Assessing the Skill of a High-Resolution Marine Biophysical Model Using Geostatistical Analysis of Mesoscale Ocean Chlorophyll Variability From Field Observations and Remote Sensing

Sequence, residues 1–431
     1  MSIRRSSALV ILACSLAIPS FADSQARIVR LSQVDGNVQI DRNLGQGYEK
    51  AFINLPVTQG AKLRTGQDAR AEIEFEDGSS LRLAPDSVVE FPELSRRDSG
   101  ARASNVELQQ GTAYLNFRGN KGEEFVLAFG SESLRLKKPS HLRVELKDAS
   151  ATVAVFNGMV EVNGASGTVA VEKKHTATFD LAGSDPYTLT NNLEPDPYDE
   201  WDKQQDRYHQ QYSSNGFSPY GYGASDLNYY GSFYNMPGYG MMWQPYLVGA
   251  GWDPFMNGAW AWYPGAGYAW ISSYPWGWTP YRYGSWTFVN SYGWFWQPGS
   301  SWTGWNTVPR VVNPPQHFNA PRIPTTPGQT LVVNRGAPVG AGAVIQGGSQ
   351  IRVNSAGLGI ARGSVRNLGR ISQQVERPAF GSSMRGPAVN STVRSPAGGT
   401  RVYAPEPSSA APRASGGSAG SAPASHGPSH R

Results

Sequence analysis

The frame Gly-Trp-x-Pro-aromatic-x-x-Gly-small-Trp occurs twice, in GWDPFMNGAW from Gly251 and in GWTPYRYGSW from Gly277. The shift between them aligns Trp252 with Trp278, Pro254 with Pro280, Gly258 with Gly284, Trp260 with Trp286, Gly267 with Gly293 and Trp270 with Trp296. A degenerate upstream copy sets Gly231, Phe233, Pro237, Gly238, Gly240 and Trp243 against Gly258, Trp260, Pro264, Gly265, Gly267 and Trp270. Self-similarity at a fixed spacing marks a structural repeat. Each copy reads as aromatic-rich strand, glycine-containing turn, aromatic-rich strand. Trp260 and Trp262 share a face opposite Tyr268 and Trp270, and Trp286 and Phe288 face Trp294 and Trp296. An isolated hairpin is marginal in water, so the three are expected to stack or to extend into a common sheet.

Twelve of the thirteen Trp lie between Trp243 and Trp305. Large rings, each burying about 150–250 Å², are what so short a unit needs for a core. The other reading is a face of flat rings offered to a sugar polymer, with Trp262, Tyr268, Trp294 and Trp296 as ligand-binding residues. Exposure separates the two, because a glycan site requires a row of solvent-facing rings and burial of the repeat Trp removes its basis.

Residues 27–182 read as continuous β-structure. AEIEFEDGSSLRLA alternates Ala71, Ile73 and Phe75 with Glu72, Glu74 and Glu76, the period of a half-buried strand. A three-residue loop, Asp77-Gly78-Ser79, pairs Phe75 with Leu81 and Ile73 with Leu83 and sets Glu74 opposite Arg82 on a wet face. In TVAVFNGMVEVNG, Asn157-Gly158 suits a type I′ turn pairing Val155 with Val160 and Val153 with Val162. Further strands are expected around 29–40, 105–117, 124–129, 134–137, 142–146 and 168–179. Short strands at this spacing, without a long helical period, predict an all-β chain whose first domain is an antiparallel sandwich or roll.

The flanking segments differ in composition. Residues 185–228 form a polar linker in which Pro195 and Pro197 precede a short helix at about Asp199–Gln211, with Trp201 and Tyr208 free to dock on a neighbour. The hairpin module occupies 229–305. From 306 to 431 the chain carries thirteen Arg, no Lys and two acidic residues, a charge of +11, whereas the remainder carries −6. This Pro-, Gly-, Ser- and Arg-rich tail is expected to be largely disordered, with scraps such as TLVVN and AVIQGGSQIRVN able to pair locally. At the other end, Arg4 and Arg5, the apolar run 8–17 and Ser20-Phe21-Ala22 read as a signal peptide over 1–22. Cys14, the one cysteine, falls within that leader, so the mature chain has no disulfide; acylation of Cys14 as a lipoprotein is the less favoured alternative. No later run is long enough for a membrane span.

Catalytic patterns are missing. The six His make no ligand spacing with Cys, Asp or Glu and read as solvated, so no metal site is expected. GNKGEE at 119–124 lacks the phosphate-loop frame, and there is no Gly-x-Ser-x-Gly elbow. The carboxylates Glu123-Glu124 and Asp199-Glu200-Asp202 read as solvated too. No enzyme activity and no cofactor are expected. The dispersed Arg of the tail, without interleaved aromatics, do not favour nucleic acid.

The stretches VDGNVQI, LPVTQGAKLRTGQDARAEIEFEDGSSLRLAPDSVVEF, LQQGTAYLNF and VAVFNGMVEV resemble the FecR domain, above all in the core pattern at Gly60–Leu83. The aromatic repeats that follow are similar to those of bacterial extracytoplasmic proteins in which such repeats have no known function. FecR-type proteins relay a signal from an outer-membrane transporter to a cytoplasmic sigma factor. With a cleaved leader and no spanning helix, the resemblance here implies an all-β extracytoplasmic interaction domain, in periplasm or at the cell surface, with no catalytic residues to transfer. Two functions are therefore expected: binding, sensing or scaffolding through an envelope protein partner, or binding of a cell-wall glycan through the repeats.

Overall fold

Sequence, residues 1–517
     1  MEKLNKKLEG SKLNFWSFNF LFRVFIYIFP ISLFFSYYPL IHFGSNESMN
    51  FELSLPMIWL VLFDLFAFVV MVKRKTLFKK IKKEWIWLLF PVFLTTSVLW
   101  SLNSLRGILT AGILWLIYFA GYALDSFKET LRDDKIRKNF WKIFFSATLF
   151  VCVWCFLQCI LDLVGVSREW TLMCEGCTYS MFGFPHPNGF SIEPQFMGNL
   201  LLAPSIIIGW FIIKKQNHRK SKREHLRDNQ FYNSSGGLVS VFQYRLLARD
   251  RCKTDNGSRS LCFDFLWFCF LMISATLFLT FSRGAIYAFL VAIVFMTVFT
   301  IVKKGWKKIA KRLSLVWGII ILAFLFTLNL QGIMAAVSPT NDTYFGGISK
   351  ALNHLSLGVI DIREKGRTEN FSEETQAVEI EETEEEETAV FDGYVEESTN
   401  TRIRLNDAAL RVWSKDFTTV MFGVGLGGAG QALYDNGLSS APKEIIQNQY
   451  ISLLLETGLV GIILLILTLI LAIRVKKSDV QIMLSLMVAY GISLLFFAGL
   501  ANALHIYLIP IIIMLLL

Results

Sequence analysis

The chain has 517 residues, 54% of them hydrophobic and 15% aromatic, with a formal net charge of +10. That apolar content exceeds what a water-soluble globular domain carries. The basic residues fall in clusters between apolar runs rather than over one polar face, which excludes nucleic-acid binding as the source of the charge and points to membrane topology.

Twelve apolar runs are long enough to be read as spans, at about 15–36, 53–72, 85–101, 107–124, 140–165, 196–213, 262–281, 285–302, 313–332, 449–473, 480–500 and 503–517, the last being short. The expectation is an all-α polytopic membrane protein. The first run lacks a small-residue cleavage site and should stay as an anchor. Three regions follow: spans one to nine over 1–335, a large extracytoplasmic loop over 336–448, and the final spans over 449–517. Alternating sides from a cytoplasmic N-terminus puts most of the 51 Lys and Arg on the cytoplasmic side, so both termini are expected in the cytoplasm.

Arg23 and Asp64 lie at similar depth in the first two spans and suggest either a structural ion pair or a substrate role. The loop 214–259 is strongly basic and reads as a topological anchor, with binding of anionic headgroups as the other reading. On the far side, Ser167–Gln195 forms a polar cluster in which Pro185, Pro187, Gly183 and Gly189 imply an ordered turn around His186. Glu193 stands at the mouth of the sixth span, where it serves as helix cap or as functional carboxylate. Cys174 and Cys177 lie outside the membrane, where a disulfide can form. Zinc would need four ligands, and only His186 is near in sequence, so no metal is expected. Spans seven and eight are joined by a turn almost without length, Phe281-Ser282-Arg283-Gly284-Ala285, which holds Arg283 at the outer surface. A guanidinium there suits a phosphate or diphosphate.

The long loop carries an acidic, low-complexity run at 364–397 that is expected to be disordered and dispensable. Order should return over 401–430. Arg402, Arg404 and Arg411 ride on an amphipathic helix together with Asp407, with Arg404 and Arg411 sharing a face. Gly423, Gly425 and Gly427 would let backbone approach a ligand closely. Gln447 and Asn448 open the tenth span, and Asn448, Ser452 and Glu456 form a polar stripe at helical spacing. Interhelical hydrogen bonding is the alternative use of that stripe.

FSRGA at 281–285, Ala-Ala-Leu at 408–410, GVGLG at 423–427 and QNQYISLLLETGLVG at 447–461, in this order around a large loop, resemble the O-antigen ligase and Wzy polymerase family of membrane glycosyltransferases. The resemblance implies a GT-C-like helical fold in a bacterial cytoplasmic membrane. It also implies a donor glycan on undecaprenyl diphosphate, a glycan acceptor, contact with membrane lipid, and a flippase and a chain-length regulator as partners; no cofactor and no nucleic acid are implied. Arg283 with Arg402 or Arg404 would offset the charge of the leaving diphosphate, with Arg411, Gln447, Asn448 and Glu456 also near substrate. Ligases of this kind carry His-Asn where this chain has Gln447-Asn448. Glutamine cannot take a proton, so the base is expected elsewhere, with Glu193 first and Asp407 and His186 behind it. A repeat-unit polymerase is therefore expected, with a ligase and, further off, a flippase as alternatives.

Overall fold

High-resolution ocean biophysical models are now routinely being conducted at basin and global-scale, opening opportunities to deepen our understanding of the mechanistic coupling of physical and biological processes at the mesoscale. Prior to using these models to test scientific questions, we need to assess their skill. While progress has been made in validating the mean field, little work has been done to evaluate skill of the simulated mesoscale variability. Here we use geostatistical 2-D variograms to quantify the magnitude and spatial scale of chlorophyll a patchiness in a 1/10th-degree eddy-resolving coupled Community Earth System Model simulation. We compare results from satellite remote sensing and ship underway observations in the North Atlantic Ocean, where there is a large seasonal phytoplankton bloom. The coefficients of variation, i.e., the arithmetic standard deviation divided by the mean, from the two observational data sets are approximately invariant across a large range of mean chlorophyll a values from oligotrophic and winter to subpolar bloom conditions. This relationship between the chlorophyll a mesoscale variability and the mean field appears to reflect an emergent property of marine biophysics, and the high-resolution simulation does poorly in capturing this skill metric, with the model underestimating observed variability under low chlorophyll a conditions such as in the subtropics.